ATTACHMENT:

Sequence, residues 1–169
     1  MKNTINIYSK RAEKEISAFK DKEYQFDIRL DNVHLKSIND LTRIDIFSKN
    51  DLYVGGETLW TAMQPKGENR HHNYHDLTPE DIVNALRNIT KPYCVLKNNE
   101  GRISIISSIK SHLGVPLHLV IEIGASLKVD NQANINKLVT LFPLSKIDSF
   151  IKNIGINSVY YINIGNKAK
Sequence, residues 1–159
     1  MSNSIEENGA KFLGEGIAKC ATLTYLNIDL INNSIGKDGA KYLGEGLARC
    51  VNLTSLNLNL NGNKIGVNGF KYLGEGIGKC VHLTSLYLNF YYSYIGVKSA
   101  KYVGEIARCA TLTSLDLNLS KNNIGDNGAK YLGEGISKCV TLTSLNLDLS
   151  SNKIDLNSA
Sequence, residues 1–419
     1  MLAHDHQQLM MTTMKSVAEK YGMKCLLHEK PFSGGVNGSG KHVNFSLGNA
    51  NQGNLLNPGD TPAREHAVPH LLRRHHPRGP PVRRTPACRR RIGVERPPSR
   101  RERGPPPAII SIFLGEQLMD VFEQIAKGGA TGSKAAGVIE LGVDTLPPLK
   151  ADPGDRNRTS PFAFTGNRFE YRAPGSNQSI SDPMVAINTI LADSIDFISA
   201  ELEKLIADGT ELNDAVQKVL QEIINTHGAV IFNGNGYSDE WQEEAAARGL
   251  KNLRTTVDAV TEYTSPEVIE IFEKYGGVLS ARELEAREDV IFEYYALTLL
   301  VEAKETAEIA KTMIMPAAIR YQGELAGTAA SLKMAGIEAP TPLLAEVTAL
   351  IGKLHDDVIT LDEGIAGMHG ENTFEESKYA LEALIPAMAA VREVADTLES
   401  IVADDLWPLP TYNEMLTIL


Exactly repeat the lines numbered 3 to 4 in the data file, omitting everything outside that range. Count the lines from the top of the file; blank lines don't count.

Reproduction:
    51  DLYVGGETLW TAMQPKGENR HHNYHDLTPE DIVNALRNIT KPYCVLKNNE
   101  GRISIISSIK SHLGVPLHLV IEIGASLKVD NQANINKLVT LFPLSKIDSF